'Toy Story 4' Easily Tops the Box Office But Still Opens Below Expectations

It should come as no surprise that Toy Story 4 topped the box office this past weekend. However, what is surprising is that the acclaimed sequel from Pixar Animation opened significantly lower than the studio projections heading into the weekend.

In its opening weekend, Toy Story 4 raked in $118 million, which would be a strong opening for any movie. But Walt Disney Pictures saw the sequel making around $140 million or more heading into the weekend. The number is still enough to give it the best opening in the franchise (without adjusting for inflation), and the third largest opening weekend of the year. But could this be a sign of audience fatigue when it comes to sequels, reboots and remakes?

It’s not as if Toy Story 4 hasn’t been getting praise left and right. Along with an “A” CinemaScore from audiences, the film currently has a 98% on Rotten Tomatoes from critics and a 95% score from audiences. Maybe people decided to stay away this weekend and wait for word of mouth to spread a little bit more before taking a chance on a sequel that many (including myself) thought was unnecessary after the phenomenal conclusion of Toy Story 3.

Of course, this shouldn’t be considered a failure for Disney by any means. Plus, with the exception of Spider-Man: Far From Home next week, Disney won’t have much competition on the family friendly side of programming until they have to contend with their own release of The Lion King on July 19. So there’s plenty of time for kids who are out of school for the summer to catch Toy Story 4. And the international numbers (via Box Office Mojo) added another $120 million for the sequel, so Pixar is doing just fine.

At the same time, the case for audience fatigue is still getting stronger. Following disappointing box office debuts for sequels and franchise revivals over the past month or so, the reboot of Child’s Play didn’t drum up much interest. It opened in the #2 spot with only $14 million. That’s a number that also came in under expectations since the studio was looking at an opening between $16-$18 million. But I guess that’s what happens when you have a “C+” CinemaScore from audiences, even if the critical score on Rotten Tomatoes wasn’t too bad at 61%.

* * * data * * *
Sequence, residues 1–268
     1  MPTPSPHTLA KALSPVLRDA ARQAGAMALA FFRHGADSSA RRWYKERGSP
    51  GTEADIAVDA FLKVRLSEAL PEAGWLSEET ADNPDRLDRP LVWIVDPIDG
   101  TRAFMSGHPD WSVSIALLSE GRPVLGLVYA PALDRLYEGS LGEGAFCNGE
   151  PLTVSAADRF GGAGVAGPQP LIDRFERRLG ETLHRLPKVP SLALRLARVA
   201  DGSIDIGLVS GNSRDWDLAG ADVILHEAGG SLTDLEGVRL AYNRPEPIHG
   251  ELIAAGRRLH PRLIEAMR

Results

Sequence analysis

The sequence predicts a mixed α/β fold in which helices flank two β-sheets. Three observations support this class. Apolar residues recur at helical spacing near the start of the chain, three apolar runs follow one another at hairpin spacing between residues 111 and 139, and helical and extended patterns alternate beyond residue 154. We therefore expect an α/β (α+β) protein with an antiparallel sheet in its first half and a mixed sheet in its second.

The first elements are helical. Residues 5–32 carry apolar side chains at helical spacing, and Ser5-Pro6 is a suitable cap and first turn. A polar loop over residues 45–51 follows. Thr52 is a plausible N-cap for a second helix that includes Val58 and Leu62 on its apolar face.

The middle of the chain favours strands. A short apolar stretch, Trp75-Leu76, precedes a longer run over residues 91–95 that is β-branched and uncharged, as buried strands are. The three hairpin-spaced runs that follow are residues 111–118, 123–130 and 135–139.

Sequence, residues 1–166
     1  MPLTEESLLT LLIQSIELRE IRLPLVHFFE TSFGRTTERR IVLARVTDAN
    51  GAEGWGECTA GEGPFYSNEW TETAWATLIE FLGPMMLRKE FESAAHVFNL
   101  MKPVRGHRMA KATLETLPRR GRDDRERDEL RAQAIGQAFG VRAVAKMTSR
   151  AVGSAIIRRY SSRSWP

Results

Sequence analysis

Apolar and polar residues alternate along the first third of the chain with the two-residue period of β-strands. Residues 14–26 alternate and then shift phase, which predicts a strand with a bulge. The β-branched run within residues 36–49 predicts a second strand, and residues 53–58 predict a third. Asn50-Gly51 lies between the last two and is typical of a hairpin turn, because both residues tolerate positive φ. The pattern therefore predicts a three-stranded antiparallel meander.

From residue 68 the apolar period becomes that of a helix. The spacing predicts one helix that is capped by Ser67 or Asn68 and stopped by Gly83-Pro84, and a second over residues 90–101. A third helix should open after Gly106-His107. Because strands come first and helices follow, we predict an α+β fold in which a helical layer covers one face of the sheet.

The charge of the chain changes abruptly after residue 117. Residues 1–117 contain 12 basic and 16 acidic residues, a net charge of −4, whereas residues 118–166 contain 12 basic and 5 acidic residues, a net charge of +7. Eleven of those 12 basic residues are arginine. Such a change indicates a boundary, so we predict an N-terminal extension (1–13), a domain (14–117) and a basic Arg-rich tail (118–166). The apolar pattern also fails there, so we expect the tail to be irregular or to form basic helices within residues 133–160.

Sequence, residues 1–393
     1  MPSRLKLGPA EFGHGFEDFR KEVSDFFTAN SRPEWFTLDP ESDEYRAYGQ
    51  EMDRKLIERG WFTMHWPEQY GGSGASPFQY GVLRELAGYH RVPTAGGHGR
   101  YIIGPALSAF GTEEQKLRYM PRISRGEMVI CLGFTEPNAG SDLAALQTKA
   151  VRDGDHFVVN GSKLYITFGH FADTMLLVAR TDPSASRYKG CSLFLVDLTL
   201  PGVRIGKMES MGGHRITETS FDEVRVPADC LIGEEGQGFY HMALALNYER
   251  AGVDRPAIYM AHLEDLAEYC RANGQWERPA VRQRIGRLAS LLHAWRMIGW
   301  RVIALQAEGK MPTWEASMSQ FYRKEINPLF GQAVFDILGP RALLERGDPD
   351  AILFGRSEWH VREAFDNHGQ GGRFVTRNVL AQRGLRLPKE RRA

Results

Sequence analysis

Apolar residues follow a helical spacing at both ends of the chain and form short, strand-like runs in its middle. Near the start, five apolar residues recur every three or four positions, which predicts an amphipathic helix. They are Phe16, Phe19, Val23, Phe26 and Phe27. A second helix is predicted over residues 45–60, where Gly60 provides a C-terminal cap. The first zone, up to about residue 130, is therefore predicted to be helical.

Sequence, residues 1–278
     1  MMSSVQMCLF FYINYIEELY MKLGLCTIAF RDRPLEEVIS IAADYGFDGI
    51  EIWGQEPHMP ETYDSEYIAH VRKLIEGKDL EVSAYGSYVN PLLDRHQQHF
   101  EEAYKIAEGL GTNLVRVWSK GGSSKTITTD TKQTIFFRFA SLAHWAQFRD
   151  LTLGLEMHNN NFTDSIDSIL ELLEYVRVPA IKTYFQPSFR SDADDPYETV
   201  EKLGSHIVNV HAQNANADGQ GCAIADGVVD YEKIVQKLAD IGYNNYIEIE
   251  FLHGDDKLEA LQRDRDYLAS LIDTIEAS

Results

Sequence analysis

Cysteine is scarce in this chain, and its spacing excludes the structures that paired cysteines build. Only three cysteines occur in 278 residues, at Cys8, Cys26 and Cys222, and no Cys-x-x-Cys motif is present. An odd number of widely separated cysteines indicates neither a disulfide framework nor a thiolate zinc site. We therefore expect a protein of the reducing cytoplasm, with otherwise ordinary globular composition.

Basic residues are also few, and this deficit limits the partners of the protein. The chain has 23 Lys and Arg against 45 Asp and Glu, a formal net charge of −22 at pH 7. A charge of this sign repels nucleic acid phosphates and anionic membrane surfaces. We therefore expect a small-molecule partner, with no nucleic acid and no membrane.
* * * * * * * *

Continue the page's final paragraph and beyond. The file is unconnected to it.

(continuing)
Holding on to the third spot is Disney’s live-action remake of Aladdin with $12.2 million added to its box office total. That’s not bad for its fifth week in theaters. That brings the domestic total to nearly $288 million, and with an international total of $522.6 million, the movie now has a huge global total of over $810 million. So what felt like it could be a staggering disappointment for Disney clearly still turned out to be quite the hit.

Meanwhile, things aren’t going to well for Men in Black International in only its second weekend of release. The franchise revival starring Chris Hemsworth and Tessa Thompson dropped 64% in its second weekend, bringing in only $10.75 million. That gives the Sony Pictures release $52 million after 10 days, and considering what a huge hit the studio was hoping this movie would be, that’s not good. Even internationally the movie has been disappointing, with only $129 million in foreign markets. Thankfully, they have Spider-Man to help pick up the pieces next month.

In the last spot of the top five, we have The Secret Life of Pets 2 holding on with $10.3 million, almost beating out MiB for the #4 spot. The sequel isn’t raking in as much money as its predecessor, but it’s still a solid run so far for the Illumination Entertainment release from Universal. The animated sequel has made $117.5 million in total in the US, and thanks to the $77 million from international markets, the global total should have no problem clearing $200 million in the coming week.

There was one more new release this past weekend, but you probably didn’t hear much about it. Personally, I know I only saw the trailer in theaters twice in the months preceding it, and there was almost zero buzz about the film. We’re talking about Anna, the latest female-led action release from The Fifth Element director Luc Besson, which opened outside of the top ten with just $3.5 million. It doesn’t help that the movie didn’t really have any bankable stars and didn’t look remarkably different from Lucy. Plus, there are just too many other movies to see (both in theaters and at home) to take a chance on a movie like that.

Overall, the summer box office has been mostly disappointing. Toy Story 4 was poised to “save” the box office from some dismal weekends, but even that opened below expectations. Are we starting to see the decline of the summer blockbuster thanks to the plethora of other entertainment options from Peak TV and streaming services? Or are audiences simply sick of sequels, reboots and remakes? Only time will tell.

Head over to Box Office Mojo for the rest of the weekend chart.

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